By Chuck Graham, TucsonStage.com
Allison Semmes and Chester Gregory as Diana Ross and Berry Gordy.
"Motown the Musical” is all about the spectacle. The music is good, but the dazzling costumes, sweep of strong voices and an amazing digital backdrop of ever-changing panels filled with bright colors trumps the songs and the story of Berrry Gordy's tumultuous success in the music business during America's civil rights conflicts and cultural revolution.
Everybody probably already knows this, but it is worth noting that “Motown the Musical” is not a showcase of Motown's greatest hits. We hear some full songs but mostly snippets, whether it is the Supremes early favorites, a little bit of Marvin Gaye and Smokey Robinson or some knock-out vocal gymnastics from the Jackson 5.
However, there is lots of music -- 61 song titles listed in alphabetical order on the program -- and an excellent pit orchestra playing the score. There just aren't many moments of heart-stopping nostalgia hearing such favorites as “I Hear A Symphony,” “I Heard It Through the Grapevine,” “My Guy,” “Stop in the Name of Love” or “Signed, Sealed Delivered I'm Yours.”
Of the four lead players – Berry Gordy (Chester Gregory), Diana Ross (Allison Semmes), Marvin Gaye (Jarran Muse), Smokey Robinson (David Kaverman) – Semmes interpretation of Ross stood above the others.
But the most magical music was sung by diminutive CJ Wright as the exuberant young Michael Jackson backed by his four older brothers.
“Motown the Musical” runs nearly three hours, with Act One beginning in 1938 when the youngster Berry Gordy heard the radio broadcast of Joe Louis knocking out Max Schmeling (a white man) that filled Gordy with black pride.
As postwar pop music became a market place battle for record sales in dime stores and such, Gordy borrowed $800 from his family and plunged into the record business. In the early 1950s he was making “race records” and spent most of the first act trying to get his records played on white radio stations.
In the course of this rags-to-riches story we learn a few things. All of Motown's sales staff were white guys. After the Supremes became popular, Gordy insisted they sing “a standard,” that is, a white song, because he knew they wouldn't be booked into the Copacabana and Las Vegas if they could only sing black music.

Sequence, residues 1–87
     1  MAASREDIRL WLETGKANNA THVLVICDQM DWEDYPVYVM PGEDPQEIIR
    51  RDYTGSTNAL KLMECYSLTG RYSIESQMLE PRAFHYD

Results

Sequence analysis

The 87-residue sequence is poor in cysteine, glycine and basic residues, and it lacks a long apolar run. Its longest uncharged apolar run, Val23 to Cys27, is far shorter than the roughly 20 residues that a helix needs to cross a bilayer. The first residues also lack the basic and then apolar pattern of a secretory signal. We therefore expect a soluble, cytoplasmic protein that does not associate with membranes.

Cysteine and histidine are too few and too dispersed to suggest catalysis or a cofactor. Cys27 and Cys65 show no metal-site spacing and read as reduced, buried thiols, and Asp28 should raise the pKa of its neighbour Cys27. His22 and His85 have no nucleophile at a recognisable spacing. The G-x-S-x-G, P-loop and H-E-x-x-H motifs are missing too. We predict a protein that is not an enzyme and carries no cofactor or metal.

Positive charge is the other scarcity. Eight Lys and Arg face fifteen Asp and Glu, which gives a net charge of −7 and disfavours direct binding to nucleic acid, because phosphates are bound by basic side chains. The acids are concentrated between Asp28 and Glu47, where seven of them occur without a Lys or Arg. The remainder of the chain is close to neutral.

But as the confrontations over civil rights turned into race riots, Gordy refused to get involved. He insisted his singers get respect, but he would not join any black activist groups.
Then the second act is about the success of Motown and Ross, the Motown move from Detroit to Los Angeles, the success of the Supremes in Las Vegas and on the Ed Sullivan show. And of course, the break-up of the Supremes because Ross wanted to be bigger all by herself.
It is a story we all know to some degree. And the telling of it seems to take forever. But in the meantime, there is still lots of spectacle to enjoy as the gowns become more elegant, the back-up singers more snappy...and that amazing stage set more dazzling.
“Motown the Musical” runs through Sunday in Centennial Hall, 1020 E. University Blvd., presented by Broadway in Tucson. Performances are 7:30 p.m. Wednesday and Thursday, Feb. 22-23; 8 p.m. Friday, Feb. 24; 2 p.m. and 8 p.m. Saturday, Feb. 25; 1 p.m. and 6:30 p.m. Sunday, Feb. 26.
Tickets are $19-$100, with discounts available. For details and reservations, broadwayintucson.com, or 1-800-745-3000. Or in person at the Centennial Hall box office, with free parking